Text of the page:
A world of difference’

PUBLISHED: 13:19 31 August 2006 | UPDATED: 14:49 12 May 2010

Bridget Gough with some of the women in Prathipura

Bridget Gough with some of the women in Prathipura

GP Peter Gough believes a new project could make a world of difference to people living in an area of north-west India. Dr Gough, who set up the Khandel-light charity to help people in Rajasthan, has just returned from a four-day visit. While there he d

GP Peter Gough believes a new project could make "a world of difference" to people living in an area of north-west India.

Dr Gough, who set up the Khandel-light charity to help people in Rajasthan, has just returned from a four-day visit.

While there he discovered that it may be possible for the village to be supplied with electricity which would power a desalination plant to provide water.

The Barley and Royston GP said that at the moment the village depended on water being delivered in tankers from a private supplier.

Dr Gough said he hoped that an electricity supply could be laid on so that a plant could be up-and-running.

He said: "We are looking into the possibility of talking to manufacturers and setting up an initial trial.

"It could make a world of difference to the villages. It would make them independent of the water supplies."

Currently, there are about 5,000 families in the area dependent on buying water.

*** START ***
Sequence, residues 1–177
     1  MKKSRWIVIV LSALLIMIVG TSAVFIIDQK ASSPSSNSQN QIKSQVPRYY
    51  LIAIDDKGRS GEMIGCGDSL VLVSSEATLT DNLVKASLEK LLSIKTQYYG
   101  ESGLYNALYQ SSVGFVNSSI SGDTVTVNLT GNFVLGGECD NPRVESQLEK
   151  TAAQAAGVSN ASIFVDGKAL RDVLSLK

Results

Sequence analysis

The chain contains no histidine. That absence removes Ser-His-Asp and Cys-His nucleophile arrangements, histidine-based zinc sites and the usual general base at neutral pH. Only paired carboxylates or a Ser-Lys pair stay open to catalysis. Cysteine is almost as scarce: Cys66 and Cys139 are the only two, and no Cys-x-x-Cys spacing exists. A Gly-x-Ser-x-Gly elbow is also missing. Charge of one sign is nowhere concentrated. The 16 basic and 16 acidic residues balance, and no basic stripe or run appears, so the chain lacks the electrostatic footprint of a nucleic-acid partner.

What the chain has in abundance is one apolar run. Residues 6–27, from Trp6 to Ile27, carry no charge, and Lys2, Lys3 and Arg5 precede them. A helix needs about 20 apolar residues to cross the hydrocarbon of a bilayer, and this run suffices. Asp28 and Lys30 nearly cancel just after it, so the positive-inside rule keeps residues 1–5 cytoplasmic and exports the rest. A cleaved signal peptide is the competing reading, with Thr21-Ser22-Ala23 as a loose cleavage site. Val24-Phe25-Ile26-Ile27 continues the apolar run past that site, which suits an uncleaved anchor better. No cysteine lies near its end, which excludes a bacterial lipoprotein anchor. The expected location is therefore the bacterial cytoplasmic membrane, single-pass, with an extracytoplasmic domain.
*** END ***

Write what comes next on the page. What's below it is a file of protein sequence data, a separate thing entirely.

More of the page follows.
He said the desalination plants would cost about £130 each, but a "considerable amount of money" would be needed for the project.

"Water is crucial to everything," he said.

"It is crucial to employment, and in stopping migration to the cities.

"It is crucial to health, and it is crucial to the survival of the community."

Dr Gough was visiting the area with his wife Bridget, and his sons Ed and Richard.

He was looking at the progress of Khandel-light projects since his last visit 18 months ago.

In particular, he went to see a terrace of homes built in Prathipura which are now being occupied by families who once lived in mud huts and had to shelter under trees when it rained.

"When Khandel-light decided it would target homes for them, the authorities objected because they would be built on common land. They relented - and lots of officials came to the opening," said Dr Gough.

The brick houses were completed in 80 days at a cost of £330 each.

"The lives of the seven families have been transformed," he said.

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